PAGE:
Thomas H. Johnson

Thomas H. Johnson: On 712 ("Because I could not stop for Death")

. . . In 1863 Death came into full stature as a person. "Because I could not stop for Death" is a superlative achievement wherein Death becomes one of the great characters of literature.

It is almost impossible in any critique to define exactly the kind of reality which her character Death attains, simply because the protean shifts of form are intended to forestall definition. A poem can convey the nuances of exultation, agony, compassion, or any mystical mood. But no one can successfully define mysticism because the logic of language has no place for it. One must therefore assume that the reality of Death, as Emily Dickinson conceived him, is to be perceived by the reader in the poems themselves. Any analysis can do no more than suggest what may be looked for .

In "Because I could not stop for Death" Emily Dickinson envisions Death as a person she knew and trusted, or believed that she could trust. He might be any Amherst gentleman, a William Howland or an Elbridge Bowdoin, or any of the coming lawyers or teachers or ministers whom she remembered from her youth, with whom she had exchanged valentines, and who at one time or another had acted as her squire. . . . /222/ The carriage holds but the two of them, yet the ride, as she states with quiet emphasis, is a last ride together. Clearly there has been no deception on his part. They drive in a leisurely manner, and she feels completely at ease. Since she understands it to be a last ride, she of course expects it to be unhurried. Indeed, his graciousness in taking time to stop for her at that point and on that day in her life when she was so busy she could not possibly have taken time to stop for him, is a mark of special politeness. She is therefore quite willing to put aside her work. And again, since it is to be her last ride, she can dispense with her spare moments as well as her active ones. . . .

She notes the daily routine of the life she is passing from. Children playing games during a school recess catch her eye at the last. And now the sense of motion is quickened. Or perhaps more exactly one should say that the sense of time comes to an end as they pass the cycles of the day and the seasons of the year, at a period of both ripeness and decline. . . . How insistently "passed" echoes through the [third] stanza! She now conveys her feeling of being outside time and change, for she corrects herself to say that the sun passed them, as it of course does all who are in the grave. She is aware of dampness and cold, and becomes suddenly conscious of the sheerness of the dress and scarf which she now discovers that she wears. . . . /223/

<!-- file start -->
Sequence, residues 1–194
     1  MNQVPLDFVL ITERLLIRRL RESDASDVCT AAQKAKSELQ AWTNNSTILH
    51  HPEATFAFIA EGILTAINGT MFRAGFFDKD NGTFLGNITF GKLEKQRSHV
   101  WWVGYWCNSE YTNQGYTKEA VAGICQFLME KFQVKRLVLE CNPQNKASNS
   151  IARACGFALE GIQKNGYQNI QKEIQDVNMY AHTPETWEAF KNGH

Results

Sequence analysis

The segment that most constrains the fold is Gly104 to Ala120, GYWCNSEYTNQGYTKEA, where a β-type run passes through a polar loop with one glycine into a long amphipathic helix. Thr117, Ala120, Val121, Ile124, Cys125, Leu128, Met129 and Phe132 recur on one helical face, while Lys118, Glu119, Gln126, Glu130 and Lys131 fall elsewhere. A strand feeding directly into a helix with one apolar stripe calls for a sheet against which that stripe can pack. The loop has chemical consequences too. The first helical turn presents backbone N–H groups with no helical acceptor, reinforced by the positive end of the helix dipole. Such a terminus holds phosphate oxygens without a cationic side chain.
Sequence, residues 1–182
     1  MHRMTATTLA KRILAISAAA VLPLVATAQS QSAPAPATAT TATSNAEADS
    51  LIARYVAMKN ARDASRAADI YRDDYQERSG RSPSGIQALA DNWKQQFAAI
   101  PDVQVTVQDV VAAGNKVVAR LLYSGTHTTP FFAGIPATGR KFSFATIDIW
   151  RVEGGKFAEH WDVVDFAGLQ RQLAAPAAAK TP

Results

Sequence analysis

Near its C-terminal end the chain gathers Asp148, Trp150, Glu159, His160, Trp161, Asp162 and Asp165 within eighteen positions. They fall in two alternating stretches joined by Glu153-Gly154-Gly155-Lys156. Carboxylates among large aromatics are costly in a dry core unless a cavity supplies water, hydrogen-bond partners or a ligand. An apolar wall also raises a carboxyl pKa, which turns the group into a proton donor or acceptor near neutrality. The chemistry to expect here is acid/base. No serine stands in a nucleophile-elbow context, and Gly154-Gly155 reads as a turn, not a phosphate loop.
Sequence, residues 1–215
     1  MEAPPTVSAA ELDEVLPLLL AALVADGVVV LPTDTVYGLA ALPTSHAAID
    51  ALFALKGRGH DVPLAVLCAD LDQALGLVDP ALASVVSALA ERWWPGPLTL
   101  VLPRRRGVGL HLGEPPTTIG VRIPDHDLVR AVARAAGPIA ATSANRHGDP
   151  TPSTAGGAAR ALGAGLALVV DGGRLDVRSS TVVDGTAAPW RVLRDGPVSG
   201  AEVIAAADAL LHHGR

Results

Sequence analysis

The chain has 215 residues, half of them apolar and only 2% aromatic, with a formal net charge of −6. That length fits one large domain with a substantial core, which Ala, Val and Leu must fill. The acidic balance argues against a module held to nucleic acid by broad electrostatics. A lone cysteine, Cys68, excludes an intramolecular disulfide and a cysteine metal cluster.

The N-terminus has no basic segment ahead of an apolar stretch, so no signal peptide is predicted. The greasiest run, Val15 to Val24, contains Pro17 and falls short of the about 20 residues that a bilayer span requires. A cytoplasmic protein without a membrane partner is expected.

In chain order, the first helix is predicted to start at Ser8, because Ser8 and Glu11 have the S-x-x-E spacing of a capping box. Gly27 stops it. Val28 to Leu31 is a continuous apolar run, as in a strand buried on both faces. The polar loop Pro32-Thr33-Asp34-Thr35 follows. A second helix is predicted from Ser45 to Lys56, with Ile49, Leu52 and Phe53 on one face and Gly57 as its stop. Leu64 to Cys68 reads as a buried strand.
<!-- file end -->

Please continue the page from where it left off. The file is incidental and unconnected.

The two concluding stanzas, with progressively decreasing concreteness, hasten the final identification of her "House." It is the slightly rounded surface "of the Ground," with a scarcely visible roof and a cornice "in the Ground." To time and seasonal change, which have already ceased, is now added motion. Cessation of all activity and creativeness is absolute. At the end, in a final instantaneous flash of memory, she recalls the last objects before her eyes during the journey: the heads of the horses that bore her, as she had surmised they were doing from the beginning, toward—it is the last word—"Eternity." . . . Gradually, too, one realizes that Death as a person has receded into the background, mentioned last only impersonally in the opening words "We paused" of the fifth stanza, where his services as squire and companion are over. In this poem concrete realism melds into "awe and circumference" with matchless economy. /224/